N American real estate cos on TASE at high risk

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Bonds representing debt of some NIS 11 billion issued in Tel Aviv have reached junk status.

A glance at the current situation of the American real estate companies that issued bonds to the tune of billions of shekels in Tel Aviv reveals that, since the start of the coronavirus crisis, most of them have found it difficult to go back to the primary market to raise more debt. In the absence of the ability to recycle debt, in the case of most of these companies, the risk to the repayment of existing debt rises.

The situation is especially dire for those companies whose bonds are currently traded at double-digit yields to redemption. They will have to sell off a considerable number of assets, or present substantial improvement in their businesses, if they are to meet their debt repayments on schedule.

At the end of the second quarter of 2020, none of the North American real estate companies traded in Tel Aviv had a going concern qualification appended to the auditor's report on its financial statements. Nevertheless, past experience shows that such a qualification tends to appear on financial statements only after the company's financial position has become very difficult indeed. Companies that are only moderately financially sick will at worst merit a line from the auditors drawing attention to their position and to the management's plans for recovery.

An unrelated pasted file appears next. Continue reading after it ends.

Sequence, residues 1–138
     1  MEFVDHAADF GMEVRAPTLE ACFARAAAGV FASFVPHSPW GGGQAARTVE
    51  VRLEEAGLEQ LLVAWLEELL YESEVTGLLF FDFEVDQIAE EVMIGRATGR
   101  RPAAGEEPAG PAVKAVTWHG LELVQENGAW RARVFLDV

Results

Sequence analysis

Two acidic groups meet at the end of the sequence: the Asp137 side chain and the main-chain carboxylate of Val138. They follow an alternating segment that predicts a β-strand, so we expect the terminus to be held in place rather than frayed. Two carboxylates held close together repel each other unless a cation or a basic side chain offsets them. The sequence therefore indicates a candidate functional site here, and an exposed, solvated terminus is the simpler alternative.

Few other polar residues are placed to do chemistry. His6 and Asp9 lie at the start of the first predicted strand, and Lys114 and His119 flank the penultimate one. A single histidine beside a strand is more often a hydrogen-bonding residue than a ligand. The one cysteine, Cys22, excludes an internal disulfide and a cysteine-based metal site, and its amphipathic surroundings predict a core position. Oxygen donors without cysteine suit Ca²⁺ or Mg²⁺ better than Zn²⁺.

The bonds of thirteen companies belonging to North American developers are traded at double-digit yields, indicating the high risk that investors attribute to these companies' activities and to their ability to repay their debts in full and on time. These bonds, which fall within the definition of junk bonds, represent aggregate debt of some NIS 11 billion - a measure of the depth of the public's exposure to risky debt which was converted to dollars and invested in North American real estate ventures.

This is about half of the total of NIS 21 billion North American debt listed on the Tel Aviv Stock Exchange., represented by the TelBond Global Index, which has fallen 1% since the beginning of 2020 and has returned just 3% in the past three years.

The foreign real estate companies that issued debt in Tel Aviv are not all of one cloth. Nevertheless, the fact that most of them are incorporated in the British Virgin Islands distances the companies from their assets in North America and raises the risk to their bondholders in the event of their collapse.

In addition, there are other factors, such as the geographic distance from management headquarters, the differences in business culture between Israel and North America, different mentalities of local and foreign managers, and an inability on the part of investors to verify information about the mechanism that really exists within the framework called a company. All these factors have led Israeli investors to demand wider safety margins from the North American companies, which in certain cases turn out in retrospect not to have been wide enough.